Review Summary: Despite failing to surpass the landmark Black on Both Sides, kudos to Mos Def for recording the album he's always wanted, and doing a pretty good job too.
Mos Def – The New Danger
Dante “Mos Def” Smith’s 1999 solo debut, Black on Both Sides, quietly experienced praise amidst the releases of the much anticipated The Chronic 2001 and the universally controversial The Slim Shady LP. The meticulously crafted alternative rap album and soon to be modern classic boasted tremendous lyrical inventiveness while avoiding the numerous perks of a chart-topping hip-hop record. Smith’s quest was not for money, but to write the music he wanted to write, straight from his heart. Mos took that desire to a whole new level and flirted with disaster in his second solo album, The New Danger. The product was incredibly inconsistent, and his lyricism experienced a small drop off, but improved samples and beats as well as a diverse group of songs made this album a success.
The album begins on a poor note, but I urge you to keep listening and ride it out. Mos Def has always expressed a longing to sing in his music, and with the help of the album’s house band, Black Jack Johnson (consisting of members of the bands Living Colour, Bad Brains, and P-Funk), his wish is fulfilled. Unfortunately, he is a second-rate vocalist, and most of his singing ends up boring the listener, if not annoying them (“Modern Marvel” is really the only soft track that works). The rest of the band proves to be a strong addition to his works, and they start the album off with a set of heavy, guitar driven songs. I disliked this through the first couple of tracks, albeit they were very short and could even be considered filler, but Mos struck gold with “Ghetto Rock”, which later went on to receive a Grammy nomination for best urban/alternative performance. Once again, the lyrics here are not as impressive as they were on his previous effort, but this track is one of the few exceptions. I also love the chorus; it’s catchy, but not enough to become an overplayed radio anthem. It speaks of his roots as the king of Brooklyn, New York. Nothing deep, but his lyrical flow fits in perfectly with the rhythm set by the guitar.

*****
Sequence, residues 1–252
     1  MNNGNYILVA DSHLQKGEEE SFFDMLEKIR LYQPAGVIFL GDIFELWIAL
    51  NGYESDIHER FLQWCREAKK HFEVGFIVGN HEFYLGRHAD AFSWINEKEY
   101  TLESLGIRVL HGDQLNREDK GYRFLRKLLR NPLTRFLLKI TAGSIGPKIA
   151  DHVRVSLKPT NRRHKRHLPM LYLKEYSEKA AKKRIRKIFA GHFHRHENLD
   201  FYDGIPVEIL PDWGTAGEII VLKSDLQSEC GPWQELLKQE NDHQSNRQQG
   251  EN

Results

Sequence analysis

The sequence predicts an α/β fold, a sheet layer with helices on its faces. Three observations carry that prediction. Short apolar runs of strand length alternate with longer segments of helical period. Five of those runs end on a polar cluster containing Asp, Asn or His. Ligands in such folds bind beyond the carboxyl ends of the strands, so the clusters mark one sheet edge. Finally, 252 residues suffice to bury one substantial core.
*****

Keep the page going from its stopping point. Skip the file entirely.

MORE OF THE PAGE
A strong blues influence is present in two of the album’s weakest tracks, “Blue Black Jack” and “Bedstuy Parade and Funeral March”. Moments like these are when Mos Def’s creativity results in a swing and a miss. Both songs are dull and drag on far too long, and many listeners may once again feel like dropping the album right there.
“Sex, Love, and Money” is perhaps the best song on the album, blending a shady flute melody with some impressive percussion, all while Mos spits lyrics depicting the girl of his dreams (similar to “Ms. Fat Booty”). Many of the best tracks here are simply a blast to listen to, and I often stop listening for the constituent parts of the songs and just enjoy the music.
Controversy arose during the immediate release of this cd due to the 94 second “The Rape Over”. This take on Jay-Z’s “Takeover”, also featuring a sample of The Doors “Five to One”, attacks the people and companies running the rap world.
old white men is runnin this rap ***
Corporate forces runnin this rap ***
some tall Israeli is runnin this rap ***
We poke out our asses for a chance to cash in
Cocaine, is runnin this rap ***
'Dro, 'yac and E-pills is runnin this rap ***”
The “some tall Israeli is runnin this rap ****” line was directed at former Def Jam head Lyor Cohen, and led to the song’s removal from the second pressing of the cd. The entire song was written out of Mos’ anger at the industry, which originally rejected his proposal to use Black Jack Johnson in the recording.
It is incredibly difficult to follow up any masterpiece with another of the same caliber, and even harder to do so with just one’s second album. This is no sophomore slump, but with a five-year period in between this and Black on Both Sides, it could have been much better, mainly in the consistency category. I still strongly recommend this to fans of Mos Def, to compare and contrast it with his debut. Just let it grow on you, and appreciate the time Mos spent creating His album, instead of pulling a 50 Cent and entertaining fans solely for the money.
Great house band and guest appearances
Diversity (rock, blues, etc.)
Many solid tracks
Lyrics worse than in his debut
Plagued by inconsistency
Some may not like Mos occasionally playing second-fiddle to the instruments
The Rape Over
Sex, Love & Money